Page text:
ATLANTA - Many counties lost polling places for the June primary because of the pandemic. Both state and local officials have worked to get new locations onboard before November.
Fulton County alone added almost 100 polling places since June. Those planning to vote early will have some new inspiring choices.
The High Museum of Art will make its debut as an early voting location.
"This is our first time doing it, so we're excited to be a part of the process. Obviously the High is located in the heart of Midtown," said communications director Kristie Swink Benson. "We feel like it's a perfect location from our proximity to MARTA to us just being centrally located in the city and easy for people to get to. So, we want Fulton County residents to come and to exercise their right to vote."
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State Farm Arena also stepped up to serve as an early voting location for Fulton County for the first time this election cycle. Voters can choose to cast their ballot at any of those sites during advance voting.
Secretary of State Brad Raffensperger says his office worked with counties to recruit non-profit groups and churches to replace the locations that backed out because of COVID-19.
"Because we know that we're going to have big numbers and we're going to need more polling places because some, you know, weren't available and won't be available. We used to be in an awful lot of senior housing or senior centers and those won't be available this fall," Raffensperger said.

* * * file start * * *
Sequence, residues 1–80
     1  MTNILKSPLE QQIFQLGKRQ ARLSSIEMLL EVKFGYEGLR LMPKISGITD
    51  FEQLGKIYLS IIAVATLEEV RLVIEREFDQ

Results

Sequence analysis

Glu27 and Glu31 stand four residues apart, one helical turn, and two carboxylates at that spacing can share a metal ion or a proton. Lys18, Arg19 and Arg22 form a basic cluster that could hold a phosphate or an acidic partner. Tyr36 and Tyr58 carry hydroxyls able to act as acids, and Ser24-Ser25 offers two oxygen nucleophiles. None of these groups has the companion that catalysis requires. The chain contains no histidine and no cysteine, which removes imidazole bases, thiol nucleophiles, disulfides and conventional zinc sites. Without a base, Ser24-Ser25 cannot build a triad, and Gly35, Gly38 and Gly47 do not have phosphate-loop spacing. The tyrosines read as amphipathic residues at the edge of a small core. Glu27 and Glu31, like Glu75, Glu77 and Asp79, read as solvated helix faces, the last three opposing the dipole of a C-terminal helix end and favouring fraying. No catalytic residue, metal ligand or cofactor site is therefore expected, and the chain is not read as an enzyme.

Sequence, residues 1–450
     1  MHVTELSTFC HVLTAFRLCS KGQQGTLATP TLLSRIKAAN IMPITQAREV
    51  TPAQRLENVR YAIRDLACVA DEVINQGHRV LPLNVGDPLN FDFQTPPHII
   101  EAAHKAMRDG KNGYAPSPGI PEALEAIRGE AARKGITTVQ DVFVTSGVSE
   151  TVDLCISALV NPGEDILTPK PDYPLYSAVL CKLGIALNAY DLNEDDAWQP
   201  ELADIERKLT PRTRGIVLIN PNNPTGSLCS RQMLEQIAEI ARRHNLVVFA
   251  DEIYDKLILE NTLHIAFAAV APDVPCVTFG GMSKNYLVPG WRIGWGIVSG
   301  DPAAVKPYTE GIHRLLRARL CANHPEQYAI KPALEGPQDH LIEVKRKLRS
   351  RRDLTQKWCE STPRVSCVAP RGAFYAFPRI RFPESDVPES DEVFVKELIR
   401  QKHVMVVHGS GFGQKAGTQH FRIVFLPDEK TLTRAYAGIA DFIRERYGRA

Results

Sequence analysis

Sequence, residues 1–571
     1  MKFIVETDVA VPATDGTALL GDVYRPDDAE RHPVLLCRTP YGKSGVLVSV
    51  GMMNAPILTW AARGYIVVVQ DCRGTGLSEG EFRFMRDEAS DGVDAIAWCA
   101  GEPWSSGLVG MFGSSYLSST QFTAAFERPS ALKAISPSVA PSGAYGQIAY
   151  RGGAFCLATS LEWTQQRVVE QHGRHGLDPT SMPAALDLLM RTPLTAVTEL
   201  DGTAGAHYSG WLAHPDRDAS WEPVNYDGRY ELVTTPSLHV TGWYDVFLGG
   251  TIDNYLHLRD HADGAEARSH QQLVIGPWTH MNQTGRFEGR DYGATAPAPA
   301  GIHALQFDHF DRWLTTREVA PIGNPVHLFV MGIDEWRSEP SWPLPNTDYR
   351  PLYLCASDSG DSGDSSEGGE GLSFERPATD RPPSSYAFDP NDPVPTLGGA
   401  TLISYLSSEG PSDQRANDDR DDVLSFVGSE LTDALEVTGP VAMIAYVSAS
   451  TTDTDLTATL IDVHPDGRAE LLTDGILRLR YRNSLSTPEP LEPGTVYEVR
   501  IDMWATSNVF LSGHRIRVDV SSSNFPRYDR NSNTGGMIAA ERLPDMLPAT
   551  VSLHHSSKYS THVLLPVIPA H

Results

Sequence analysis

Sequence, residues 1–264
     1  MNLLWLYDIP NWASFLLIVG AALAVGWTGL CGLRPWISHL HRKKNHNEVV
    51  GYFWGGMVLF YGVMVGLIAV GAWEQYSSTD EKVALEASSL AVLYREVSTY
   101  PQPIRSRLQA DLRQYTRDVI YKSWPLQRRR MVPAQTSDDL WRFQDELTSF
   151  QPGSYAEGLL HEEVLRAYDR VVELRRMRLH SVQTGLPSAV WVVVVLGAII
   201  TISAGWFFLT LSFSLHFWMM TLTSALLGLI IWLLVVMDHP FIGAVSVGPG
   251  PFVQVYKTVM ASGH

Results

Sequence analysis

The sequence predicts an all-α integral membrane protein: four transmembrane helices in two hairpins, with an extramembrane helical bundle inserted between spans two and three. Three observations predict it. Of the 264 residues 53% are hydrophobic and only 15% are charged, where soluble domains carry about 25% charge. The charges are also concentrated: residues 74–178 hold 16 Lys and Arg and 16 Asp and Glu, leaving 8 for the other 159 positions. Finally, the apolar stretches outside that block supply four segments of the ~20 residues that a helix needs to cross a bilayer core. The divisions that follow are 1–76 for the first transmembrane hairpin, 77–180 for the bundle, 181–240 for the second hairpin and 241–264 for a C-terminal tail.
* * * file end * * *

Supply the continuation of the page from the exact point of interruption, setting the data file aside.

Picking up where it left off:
Forty-two percent of voters who haven't already voted in Georgia think they will vote in person on Election Day, 32 percent say they think they will vote at an early voting location, and 23 percent say they will vote by mail or absentee ballot.
Richard Barron, elections director for Fulton County, says they had just 164 voting locations for the June primary, which resulted in some so-called "mega" polling sites, like Park Tavern where voters stood in line for hours to cast their ballots.
"We lost 45 locations before the June election and 44 of those were COVID related," Barron said.
In November, Fulton County will have 255 election day boting locations and only four of them will have more than 4,000 assigned voters.
Election officials in DeKalb and Gwinnett counties say they will for the most part have their normal number of precincts.
But with so many changes , it is important for voters to confirm their polling location before election day. You can do so by logging on to the Secretary of State's My Voter page.
Barron says it is critical that people go to the right precinct on November 3, because voters in the wrong place must full out a provisional ballot. Those ballots may not have the right races listed. Not only could you miss out on voting for your state lawmaker or judge, voting provisionally also takes about three times longer.
"We always say, 'know before you go.' So, on Election Day, you have to know where your polling place is because if you go to the wrong polling place, not only will it take you longer to vote because you have a vote a provisional ballot, but it will take everyone behind you longer to vote because you're voting in the wrong precinct," he said.
Fulton County plans to mail out notices to all the voters who polling places have been updated.
Georgia law prohibits counties from changing polling locations less than 60 days before a general election. Groups that want to offer up space for the next cycle can contact their county elections office.